Government to reclaim farm lands
The Ministry of Agriculture and Fisheries yesterday served notice that it is serious about reclaiming and retaining large tracts of arable Crown lands which it intends to put back into agricultural production.
The portfolio minister, Derrick Kellier, declared that he was prepared to fight the wholesale transfer of fertile farmland for housing and other infrastructural development.
"Let me sound a warning: It is not going to be an easy ride to get this minister to yield good agricultural land to housing," Kellier said while making his contribution to the 2015-2016 Sectoral Debate.
Emphasising the need for a comprehensive land utilisation policy to preserve agricultural production, Kellier told Parliament that it was cause for concern that of the estimated 1.1 million hectares of land in Jamaica, only 271,600 hectares, or a mere 25 per cent, was classified as arable.
"It is bad enough that we have not managed our soil in a manner to preserve its fertility, and we are correcting this through our National Soil Health Programme, but we are losing good agricultural lands at an alarming rate to other economic activity such as housing," the agriculture minister lamented. "Not to mention Mr Speaker, the challenge of managing lands, given the reality of climate change."
Declaring that he did not have portfolio responsibility for the Land Development and Utilisation Act, Kellier appealed to his colleague ministers to join him in invoking the provisions of that particular piece of legislation to get fertile, idle agricultural land into production. This, he explained, was consistent with plans to reclaim and develop some 8,093 hectares (20,000 acres) of government land into agro parks.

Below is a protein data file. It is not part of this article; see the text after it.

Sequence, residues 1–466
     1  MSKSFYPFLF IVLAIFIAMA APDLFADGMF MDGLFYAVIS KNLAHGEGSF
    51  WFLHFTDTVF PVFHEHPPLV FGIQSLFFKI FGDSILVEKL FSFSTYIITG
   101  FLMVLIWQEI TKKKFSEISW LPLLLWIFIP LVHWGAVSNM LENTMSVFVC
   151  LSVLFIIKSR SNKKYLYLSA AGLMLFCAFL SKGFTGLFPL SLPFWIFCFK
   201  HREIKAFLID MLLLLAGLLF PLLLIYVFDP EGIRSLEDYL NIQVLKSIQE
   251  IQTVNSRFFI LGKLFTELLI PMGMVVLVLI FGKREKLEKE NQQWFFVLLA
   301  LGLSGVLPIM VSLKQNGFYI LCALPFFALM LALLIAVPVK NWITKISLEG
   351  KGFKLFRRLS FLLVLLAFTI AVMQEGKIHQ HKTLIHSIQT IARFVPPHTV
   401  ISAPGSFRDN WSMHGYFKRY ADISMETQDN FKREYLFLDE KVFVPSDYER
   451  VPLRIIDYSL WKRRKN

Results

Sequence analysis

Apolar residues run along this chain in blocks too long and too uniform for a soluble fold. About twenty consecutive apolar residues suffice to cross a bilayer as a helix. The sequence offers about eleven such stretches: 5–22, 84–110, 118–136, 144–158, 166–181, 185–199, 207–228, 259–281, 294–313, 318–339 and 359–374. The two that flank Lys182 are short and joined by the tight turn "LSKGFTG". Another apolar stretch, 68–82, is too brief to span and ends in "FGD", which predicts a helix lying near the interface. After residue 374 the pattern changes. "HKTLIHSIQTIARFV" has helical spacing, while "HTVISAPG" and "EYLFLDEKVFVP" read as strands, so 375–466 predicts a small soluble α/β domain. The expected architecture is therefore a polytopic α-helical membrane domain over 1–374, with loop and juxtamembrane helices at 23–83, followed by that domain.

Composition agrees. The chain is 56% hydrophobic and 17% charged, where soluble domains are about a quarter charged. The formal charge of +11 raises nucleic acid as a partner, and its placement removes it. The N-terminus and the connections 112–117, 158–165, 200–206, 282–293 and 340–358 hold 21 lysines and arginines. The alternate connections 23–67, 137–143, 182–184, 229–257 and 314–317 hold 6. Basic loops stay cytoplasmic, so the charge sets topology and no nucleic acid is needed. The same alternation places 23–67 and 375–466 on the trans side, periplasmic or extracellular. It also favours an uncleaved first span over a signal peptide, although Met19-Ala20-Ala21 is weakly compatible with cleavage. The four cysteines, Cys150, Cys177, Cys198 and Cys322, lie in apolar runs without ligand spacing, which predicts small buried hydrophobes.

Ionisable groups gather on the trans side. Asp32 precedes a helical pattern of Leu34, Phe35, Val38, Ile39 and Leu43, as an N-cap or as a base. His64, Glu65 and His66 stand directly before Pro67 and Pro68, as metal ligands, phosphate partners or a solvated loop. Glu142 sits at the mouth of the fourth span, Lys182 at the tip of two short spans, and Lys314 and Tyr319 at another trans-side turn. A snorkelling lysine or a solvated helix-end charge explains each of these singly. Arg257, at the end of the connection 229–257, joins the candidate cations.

already in motion
Earlier in the day, permanent secretary in the agriculture ministry, Donovan Stanberry, in an address to a two-day regional workshop on 'Coconut Industry Development for the Caribbean', made it clear that the process to accomplish this had already started in eastern Jamaica.
"We are in the process now, as we speak, of sequestering at least 5,000 acres of land in the parish of St Mary; lands which 30 years ago the government then under Mr [Michael] Manley acquired and were destined for Pioneer Farms and all that kind of thing, lands which are still there lying idle," he told workshop participants at The Jamaica Pegasus hotel, New Kingston.
"We are now putting in the requisite infrastructure on those added lands to enable large-scale production," said Stanberry.
Some 1,500 acres of land at the Unity/Nonsuch property is targeted for the cultivation of coconut, cocoa and banana by year end, under the agro park concept, as part of the long-term plan to revive St Mary's ailing economy, according to Stanberry.
"There is a reason why the parish of St Mary has consistently ranked among the poorer parishes in Jamaica. Because we have abandoned, for some reason, cocoa, which was a growing industry there, coconut, and so on, but we are getting back there," the permanent secretary explained.
The Pioneer Farms/Land Lease schemes were major pillars of Manley's socio-economic reform programme under which young people would be settled on idle lands to cultivate a range of crops.